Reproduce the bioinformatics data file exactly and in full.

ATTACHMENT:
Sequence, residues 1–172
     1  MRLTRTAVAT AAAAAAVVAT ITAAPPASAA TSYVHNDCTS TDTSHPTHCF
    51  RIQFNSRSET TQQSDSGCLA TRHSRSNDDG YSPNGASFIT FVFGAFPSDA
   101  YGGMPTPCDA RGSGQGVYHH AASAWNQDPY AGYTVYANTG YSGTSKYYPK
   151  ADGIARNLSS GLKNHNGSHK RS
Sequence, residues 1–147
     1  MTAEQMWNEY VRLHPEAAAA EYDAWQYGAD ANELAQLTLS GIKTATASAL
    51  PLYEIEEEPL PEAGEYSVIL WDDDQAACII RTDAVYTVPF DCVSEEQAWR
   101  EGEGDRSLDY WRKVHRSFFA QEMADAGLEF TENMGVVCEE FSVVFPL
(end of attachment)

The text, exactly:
Sequence, residues 1–172
     1  MRLTRTAVAT AAAAAAVVAT ITAAPPASAA TSYVHNDCTS TDTSHPTHCF
    51  RIQFNSRSET TQQSDSGCLA TRHSRSNDDG YSPNGASFIT FVFGAFPSDA
   101  YGGMPTPCDA RGSGQGVYHH AASAWNQDPY AGYTVYANTG YSGTSKYYPK
   151  ADGIARNLSS GLKNHNGSHK RS
Sequence, residues 1–147
     1  MTAEQMWNEY VRLHPEAAAA EYDAWQYGAD ANELAQLTLS GIKTATASAL
    51  PLYEIEEEPL PEAGEYSVIL WDDDQAACII RTDAVYTVPF DCVSEEQAWR
   101  EGEGDRSLDY WRKVHRSFFA QEMADAGLEF TENMGVVCEE FSVVFPL